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Yellen's Quest for Clarity Over Rates Leaves Some Saying: What?

Photographer: Andrew Harrer/Bloomberg
Janet Yellen, chair of the U.S. Federal Reserve, attends the International Monetary and Financial Committee meeting at the International Monetary Fund and World Bank Group Spring Meetings in Washington, D.C., U.S., on Saturday, April 12, 2014.

Janet Yellen’s effort to provide clarity on the outlook for the Federal Reserve’s main interest rate by publishing policy makers’ forecasts is instead creating confusion.

Fed officials released projections last month showing their benchmark interest rate rising faster than they previously estimated, pushing bond yields higher. Within an hour, Chair Yellen played down the projections and told investors to instead focus on the central bank’s policy statement, which emphasized keeping the rate low.

Explaining the Fed’s intentions will be crucial as an improving economy brings it closer to raising the rate for the first time since 2006. Further mixed signals risk a surge in bond-market volatility as policy makers begin what will be “an extraordinarily complicated tightening cycle,” said Drew Matus, a former markets analyst at the Federal Reserve Bank of New York.

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“The Fed’s communications challenges have gotten worse over time as they’ve tried to become more transparent,” said Matus, New York-based deputy chief U.S. economist at UBS AG. “There’s a problem with being transparent but not being clear, and the Fed has been remarkably unclear.”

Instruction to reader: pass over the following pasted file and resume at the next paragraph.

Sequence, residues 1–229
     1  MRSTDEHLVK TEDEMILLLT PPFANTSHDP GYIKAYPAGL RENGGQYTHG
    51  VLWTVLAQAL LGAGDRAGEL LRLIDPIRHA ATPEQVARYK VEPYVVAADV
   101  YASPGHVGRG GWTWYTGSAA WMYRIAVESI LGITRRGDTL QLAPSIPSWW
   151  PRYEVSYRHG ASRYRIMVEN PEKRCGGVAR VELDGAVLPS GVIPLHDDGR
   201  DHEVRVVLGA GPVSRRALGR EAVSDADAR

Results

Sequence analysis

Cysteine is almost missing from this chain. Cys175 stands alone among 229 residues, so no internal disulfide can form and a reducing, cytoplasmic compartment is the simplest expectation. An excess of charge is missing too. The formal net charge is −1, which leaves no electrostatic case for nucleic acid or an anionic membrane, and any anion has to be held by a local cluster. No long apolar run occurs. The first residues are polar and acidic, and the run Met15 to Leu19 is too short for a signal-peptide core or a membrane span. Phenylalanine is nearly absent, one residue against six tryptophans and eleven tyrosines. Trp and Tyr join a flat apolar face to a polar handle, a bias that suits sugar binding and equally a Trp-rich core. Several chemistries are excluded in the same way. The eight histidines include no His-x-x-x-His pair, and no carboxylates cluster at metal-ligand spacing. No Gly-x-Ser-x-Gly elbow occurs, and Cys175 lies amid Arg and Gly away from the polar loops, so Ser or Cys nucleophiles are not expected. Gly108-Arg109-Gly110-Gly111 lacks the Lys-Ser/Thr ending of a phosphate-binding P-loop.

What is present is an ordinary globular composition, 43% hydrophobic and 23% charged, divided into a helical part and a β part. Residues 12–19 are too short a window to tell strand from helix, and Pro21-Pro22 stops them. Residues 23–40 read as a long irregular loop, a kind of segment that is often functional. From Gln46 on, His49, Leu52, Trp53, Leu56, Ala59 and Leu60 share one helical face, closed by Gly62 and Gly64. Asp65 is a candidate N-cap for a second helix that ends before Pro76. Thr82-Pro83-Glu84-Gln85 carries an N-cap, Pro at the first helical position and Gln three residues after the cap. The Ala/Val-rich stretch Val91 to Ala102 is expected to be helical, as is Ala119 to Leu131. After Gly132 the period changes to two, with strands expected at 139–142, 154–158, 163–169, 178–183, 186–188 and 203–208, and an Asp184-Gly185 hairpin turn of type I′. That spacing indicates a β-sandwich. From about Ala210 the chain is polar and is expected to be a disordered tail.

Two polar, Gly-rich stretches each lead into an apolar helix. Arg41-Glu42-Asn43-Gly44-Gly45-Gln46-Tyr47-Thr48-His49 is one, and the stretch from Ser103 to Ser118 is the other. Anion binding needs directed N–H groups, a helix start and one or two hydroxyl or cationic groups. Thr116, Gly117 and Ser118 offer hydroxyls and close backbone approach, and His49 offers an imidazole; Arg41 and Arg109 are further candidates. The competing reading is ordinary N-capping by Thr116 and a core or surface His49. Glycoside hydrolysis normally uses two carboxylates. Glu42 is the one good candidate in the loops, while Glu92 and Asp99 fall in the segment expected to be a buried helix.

Fed officials, who begin a two-day meeting today, must sharpen their message, Atlanta Fed President Dennis Lockhart said on April 16. The Fed on June 18 will release a new set of projections for the federal funds rate, or the price of overnight loans among banks, along with forecasts for growth, employment and inflation.

“We have to keep working on the quality of our communications,” Lockhart told reporters in Stone Mountain, Georgia. The rate forecasts are one area “we should give attention to.”

Crystal-Clear

For more than a year before last month, the Fed’s intentions were crystal-clear: It vowed to keep its key rate near zero at least as long as unemployment exceeded 6.5 percent and the outlook for inflation was no more than 2.5 percent.

The Federal Open Market Committee dropped that pledge at its March 18-19 meeting after unemployment fell to 6.7 percent, even as other labor-market gauges continued to show weakness. Instead, the FOMC said it would consider a “wide range of information” on jobs, consumer prices and financial markets in deciding how long to keep the fed funds rate near zero, where it has been since December 2008.

With no unemployment threshold, investors latched onto the closest thing to numerical guidance: the forecasts for the fed funds rate.

“If you don’t have a hard and fast quantitative threshold, then you’re going to be looking at the projections more carefully,” said Mark Zandi, chief economist at Moody’s Analytics Inc. in West Chester, Pennsylvania.

Median Projections

The quarterly projections were first released in 2012 on the recommendation of a Fed subcommittee headed by Yellen, who was vice chairman at the time. They are displayed as a series of dots on a chart, with each dot representing an unnamed official.

The median projection in March showed officials expecting the rate to rise to 1 percent at the end of 2015 and 2.25 percent a year later. In December, the projection was 0.75 percent at the end of next year and 1.75 percent year-end 2016.

Yellen, at her first press conference as chair on March 19, warned against paying too much attention to these forecasts.

“One should not look to the dot-plot, so to speak, as the primary way in which the committee wants to or is speaking about policies to the public at large,” Yellen said.